Cooperative Fish and Wildlife Research Units Program: Massachusetts
Education, Research and Technical Assistance for Managing Our Natural Resources

Massachusetts Project

Understanding the factors that influence outdoor residential water conservation: a case study in suburban Boston

October 2012 - September 2015


Participating Agencies

  • University of Massachusetts Center for Agriculture
Residential rain garden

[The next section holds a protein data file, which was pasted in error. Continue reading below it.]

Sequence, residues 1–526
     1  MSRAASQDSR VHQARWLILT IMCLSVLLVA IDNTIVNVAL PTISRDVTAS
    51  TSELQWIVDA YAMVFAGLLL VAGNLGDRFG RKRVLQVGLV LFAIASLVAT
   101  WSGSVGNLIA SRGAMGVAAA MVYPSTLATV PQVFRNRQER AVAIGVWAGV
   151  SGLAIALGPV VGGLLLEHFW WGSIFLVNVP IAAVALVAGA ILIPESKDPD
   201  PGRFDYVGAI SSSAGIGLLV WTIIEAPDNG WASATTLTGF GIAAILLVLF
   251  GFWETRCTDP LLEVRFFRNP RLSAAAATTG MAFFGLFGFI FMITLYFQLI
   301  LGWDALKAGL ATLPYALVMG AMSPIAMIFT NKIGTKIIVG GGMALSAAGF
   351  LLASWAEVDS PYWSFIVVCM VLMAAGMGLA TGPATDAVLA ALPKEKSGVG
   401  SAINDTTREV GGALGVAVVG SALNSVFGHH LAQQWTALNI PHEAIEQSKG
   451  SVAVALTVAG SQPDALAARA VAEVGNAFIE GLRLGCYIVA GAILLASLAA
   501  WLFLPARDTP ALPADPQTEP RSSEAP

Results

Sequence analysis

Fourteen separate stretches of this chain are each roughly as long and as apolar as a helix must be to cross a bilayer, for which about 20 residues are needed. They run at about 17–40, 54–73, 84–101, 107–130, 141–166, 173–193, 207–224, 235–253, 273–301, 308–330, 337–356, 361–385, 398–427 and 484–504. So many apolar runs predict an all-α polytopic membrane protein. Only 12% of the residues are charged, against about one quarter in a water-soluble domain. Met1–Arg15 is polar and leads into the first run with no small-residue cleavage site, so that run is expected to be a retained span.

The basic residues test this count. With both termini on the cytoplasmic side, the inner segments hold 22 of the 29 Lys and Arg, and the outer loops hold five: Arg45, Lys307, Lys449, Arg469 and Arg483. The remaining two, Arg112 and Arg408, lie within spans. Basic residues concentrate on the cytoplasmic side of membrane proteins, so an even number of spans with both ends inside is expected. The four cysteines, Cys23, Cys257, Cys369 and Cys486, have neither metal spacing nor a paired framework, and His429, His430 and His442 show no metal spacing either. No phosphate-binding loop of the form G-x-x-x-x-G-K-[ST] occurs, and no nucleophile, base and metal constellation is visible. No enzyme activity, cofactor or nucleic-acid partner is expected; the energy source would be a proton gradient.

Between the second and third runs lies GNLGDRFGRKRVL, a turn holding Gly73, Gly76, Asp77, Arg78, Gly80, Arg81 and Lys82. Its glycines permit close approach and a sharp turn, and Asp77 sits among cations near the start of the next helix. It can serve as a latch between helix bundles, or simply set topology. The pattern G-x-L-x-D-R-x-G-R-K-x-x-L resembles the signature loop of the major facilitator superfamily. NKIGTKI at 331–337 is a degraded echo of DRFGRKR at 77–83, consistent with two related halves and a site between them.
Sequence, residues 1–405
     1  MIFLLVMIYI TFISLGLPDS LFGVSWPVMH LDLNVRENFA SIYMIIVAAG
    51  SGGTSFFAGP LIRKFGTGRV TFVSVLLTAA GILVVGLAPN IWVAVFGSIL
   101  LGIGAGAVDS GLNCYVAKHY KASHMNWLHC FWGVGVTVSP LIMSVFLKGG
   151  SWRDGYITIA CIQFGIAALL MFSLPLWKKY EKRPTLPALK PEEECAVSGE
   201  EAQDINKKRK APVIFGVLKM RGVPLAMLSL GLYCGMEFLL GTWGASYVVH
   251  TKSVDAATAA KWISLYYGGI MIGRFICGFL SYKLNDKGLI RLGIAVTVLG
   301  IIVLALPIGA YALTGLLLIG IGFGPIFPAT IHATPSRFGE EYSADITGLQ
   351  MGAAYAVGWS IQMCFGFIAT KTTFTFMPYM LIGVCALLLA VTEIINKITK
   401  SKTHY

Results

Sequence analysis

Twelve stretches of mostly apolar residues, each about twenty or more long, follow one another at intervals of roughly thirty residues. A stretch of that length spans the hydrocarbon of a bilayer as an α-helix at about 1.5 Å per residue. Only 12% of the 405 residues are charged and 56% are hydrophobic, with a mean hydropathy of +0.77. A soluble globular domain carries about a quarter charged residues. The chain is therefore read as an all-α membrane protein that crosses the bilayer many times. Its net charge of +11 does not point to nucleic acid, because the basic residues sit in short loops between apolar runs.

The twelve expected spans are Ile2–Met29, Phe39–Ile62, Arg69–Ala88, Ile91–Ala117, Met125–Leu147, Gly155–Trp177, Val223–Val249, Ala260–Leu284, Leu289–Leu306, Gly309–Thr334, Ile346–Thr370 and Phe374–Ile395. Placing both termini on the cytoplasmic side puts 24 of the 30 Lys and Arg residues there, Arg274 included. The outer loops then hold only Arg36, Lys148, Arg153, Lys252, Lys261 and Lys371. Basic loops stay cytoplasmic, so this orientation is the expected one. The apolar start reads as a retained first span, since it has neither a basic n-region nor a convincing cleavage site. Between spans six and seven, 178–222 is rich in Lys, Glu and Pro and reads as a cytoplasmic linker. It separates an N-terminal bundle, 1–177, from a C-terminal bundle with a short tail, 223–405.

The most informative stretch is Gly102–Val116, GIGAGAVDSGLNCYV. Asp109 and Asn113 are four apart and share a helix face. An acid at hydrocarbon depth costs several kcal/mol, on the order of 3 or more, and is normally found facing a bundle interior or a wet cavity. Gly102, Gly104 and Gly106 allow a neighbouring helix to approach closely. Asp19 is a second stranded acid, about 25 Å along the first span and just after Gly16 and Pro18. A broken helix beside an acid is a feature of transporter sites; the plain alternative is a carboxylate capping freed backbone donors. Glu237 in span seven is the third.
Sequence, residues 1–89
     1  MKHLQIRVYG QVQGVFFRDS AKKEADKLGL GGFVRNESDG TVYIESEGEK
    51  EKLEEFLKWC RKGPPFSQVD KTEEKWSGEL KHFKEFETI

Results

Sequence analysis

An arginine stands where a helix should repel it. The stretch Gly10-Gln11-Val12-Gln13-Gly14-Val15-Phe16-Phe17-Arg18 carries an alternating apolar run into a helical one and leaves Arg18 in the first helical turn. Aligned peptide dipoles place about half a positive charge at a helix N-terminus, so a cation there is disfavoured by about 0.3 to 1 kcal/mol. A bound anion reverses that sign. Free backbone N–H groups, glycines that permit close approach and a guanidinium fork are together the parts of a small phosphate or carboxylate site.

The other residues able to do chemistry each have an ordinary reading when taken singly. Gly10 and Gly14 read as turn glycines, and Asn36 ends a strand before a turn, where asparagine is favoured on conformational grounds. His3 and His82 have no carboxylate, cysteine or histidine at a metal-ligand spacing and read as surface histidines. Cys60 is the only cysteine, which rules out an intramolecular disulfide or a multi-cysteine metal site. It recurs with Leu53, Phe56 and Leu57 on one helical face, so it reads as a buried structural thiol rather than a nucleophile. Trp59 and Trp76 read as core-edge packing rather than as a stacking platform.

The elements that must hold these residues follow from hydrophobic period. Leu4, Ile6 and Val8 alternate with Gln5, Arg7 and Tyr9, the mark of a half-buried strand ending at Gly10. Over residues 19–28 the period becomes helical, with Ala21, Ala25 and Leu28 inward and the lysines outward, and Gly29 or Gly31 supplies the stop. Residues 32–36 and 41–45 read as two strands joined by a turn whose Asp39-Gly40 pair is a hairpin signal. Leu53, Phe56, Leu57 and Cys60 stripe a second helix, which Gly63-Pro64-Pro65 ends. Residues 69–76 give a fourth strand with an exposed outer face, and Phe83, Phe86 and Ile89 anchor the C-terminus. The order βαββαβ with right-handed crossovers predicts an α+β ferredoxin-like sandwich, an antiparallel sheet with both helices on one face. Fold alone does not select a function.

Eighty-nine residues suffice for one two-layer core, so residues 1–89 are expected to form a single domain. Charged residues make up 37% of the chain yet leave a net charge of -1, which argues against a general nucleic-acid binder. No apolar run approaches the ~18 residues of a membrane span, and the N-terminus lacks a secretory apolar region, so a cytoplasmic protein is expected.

In the face of recent droughts and climate change impacts, water conservation is critical for meeting water demands of humans and freshwater ecosystems. Since residential landscaping is a major component of domestic water use, efforts to promote outdoor residential water conservation are critical. Water harvesting using rain barrels, infiltrating stormwater using rain gardens, and landscaping with native plants have been promoted through outreach campaigns as a means to reduce water use and provide ecosystem benefits. There is a need to understand how these recent water conservation outreach efforts impact local residents’ attitudes towards and behaviors incorporating these low-impact development (LID) strategies, and subsequently lead to measureable improvements in water conservation and ecosystem health. In addition, it is important to understand the formal and informal role the green industry plays in promoting residential landscape water conservation. Our project aims to trace watershed conservation measures from policy incentives to impact so as to develop a clearer picture of the relationship between local policy and outreach efforts, and actual decisions to engage and install residential landscape water conservation and stormwater management strategies. The project goals are: 1) to identify local policy and outreach efforts across the watershed and to evaluate connections between those and the adoption of LID practices, 2) to explore the factors that influence local residents’ decisions to engage in low impact development strategies to conserve domestic water and manage stormwater, 3) to understand the connection between adoption of water conservation practices and actual water quantity savings at the household and watershed scales, and 4) to enhance local agencies’ outreach efforts to promote LID and water conservation tools and techniques that are readily adopted by local residents and provide the greatest benefit for the environment and human well-being.